The debate between the three of us got very heated, leading to an epic thread that ultimately left everyone more entrenched in his original position. (For the record, I’m the “liberal friend” Penn is using as a straw man in this video rant about the iSlam argument.) Subsequent Facebook arguments about Islam led to both Penn and Emery quietly defriending me. This was one of the many hints to me that Facebook and politics don’t mix, at least not where your core political values come into conflict with those of your friends.
But apparently (hopefully?), no amount of Facebook drama can kill an argument or a friendship. Several months after our falling out, Emery called me and invited me to appear on his internet radio show, Ardent Atheist on New Dissident Radio. The show is a weekly roundtable discussion devoted to all things atheist, usually featuring guests from the world of standup comedy. I was relieved to hear from Emery, and agreed to be on the show.
As readers of mine might guess, I took issue with the apparent false equivalency in these two questions. Am I being a hypocrite for creating projects like Adult Baby Jesus, while also criticizing things like Emery’s iSlam app? I’ll leave it to you to judge how well I argue my case. Here’s a link to the archived program.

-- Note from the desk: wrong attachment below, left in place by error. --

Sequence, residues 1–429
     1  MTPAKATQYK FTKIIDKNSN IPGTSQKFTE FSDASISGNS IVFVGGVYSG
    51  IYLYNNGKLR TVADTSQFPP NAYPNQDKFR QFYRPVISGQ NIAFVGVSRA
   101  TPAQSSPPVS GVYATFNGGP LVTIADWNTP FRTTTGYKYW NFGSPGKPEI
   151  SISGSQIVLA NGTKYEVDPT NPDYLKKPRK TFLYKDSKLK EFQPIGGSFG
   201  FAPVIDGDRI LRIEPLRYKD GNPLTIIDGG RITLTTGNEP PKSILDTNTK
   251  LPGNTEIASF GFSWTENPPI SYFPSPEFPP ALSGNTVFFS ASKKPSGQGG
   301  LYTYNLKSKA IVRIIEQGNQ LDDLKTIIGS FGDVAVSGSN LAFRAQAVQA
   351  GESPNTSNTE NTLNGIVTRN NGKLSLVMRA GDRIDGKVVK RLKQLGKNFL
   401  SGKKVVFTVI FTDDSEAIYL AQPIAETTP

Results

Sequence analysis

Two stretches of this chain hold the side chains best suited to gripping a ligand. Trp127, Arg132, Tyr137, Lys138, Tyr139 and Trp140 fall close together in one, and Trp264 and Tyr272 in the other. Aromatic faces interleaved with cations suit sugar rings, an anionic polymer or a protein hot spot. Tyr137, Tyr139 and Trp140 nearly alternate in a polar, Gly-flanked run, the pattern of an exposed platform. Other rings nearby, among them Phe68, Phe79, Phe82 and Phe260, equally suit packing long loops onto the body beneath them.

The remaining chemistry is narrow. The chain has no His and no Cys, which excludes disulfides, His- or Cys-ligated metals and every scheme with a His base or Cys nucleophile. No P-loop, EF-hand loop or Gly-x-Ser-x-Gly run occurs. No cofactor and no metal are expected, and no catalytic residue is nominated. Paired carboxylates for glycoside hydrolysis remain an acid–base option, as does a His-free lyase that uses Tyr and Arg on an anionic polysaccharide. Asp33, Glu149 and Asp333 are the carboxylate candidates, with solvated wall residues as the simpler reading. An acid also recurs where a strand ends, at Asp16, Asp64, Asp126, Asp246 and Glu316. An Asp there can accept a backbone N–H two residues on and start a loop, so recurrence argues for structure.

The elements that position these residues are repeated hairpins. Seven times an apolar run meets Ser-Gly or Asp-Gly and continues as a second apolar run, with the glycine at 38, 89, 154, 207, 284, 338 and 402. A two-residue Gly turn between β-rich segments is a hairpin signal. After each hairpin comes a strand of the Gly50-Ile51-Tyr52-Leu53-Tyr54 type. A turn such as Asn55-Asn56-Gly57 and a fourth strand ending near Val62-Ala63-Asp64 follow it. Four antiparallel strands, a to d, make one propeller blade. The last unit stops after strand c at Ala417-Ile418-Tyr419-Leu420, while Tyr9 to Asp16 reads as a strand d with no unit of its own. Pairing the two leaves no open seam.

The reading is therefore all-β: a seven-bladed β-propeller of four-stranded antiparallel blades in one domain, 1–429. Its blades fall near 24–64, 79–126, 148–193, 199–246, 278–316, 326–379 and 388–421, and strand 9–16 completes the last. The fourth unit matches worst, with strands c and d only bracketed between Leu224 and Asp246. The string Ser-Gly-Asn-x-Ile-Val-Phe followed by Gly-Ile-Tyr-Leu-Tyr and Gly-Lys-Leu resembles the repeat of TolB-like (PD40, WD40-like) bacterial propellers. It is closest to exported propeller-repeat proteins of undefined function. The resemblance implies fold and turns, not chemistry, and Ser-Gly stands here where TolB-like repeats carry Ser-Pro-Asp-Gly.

In retrospect, I wish that there had been at least one guest on the show who was a Muslim, either in practice or by cultural background. It wasn’t for lack of trying. (Emery booked a Pakistani-American comic who canceled a few days before we were to air.)
Finally, as regards our discussion of America’s various imperial wars, I think there’s a reductive focus on religion as a tool for manipulating soldiers onto the battlefield. One could just as easily argue that religious faith prevents people from going to war, as in the case of conscientious objectors. The simplistic view that war is always driven by religious faith should be countered with historical examples of movements for peace and justice that were driven by the faithful. Without religion, there’s no Gandhi and no MLK, Jr. Had I another shot at debating with Emery, I might also point out that everything from the abolition of slavery to the American civil rights movement, would have been unthinkable without religion.
But I guess that’s the difference between radio and something like Facebook. There’s a time limit. Online, you can always hit reply, and dig that trench a little deeper, fighting for that last word, until you’re the only one left talking, and you’re in a hole of your own making.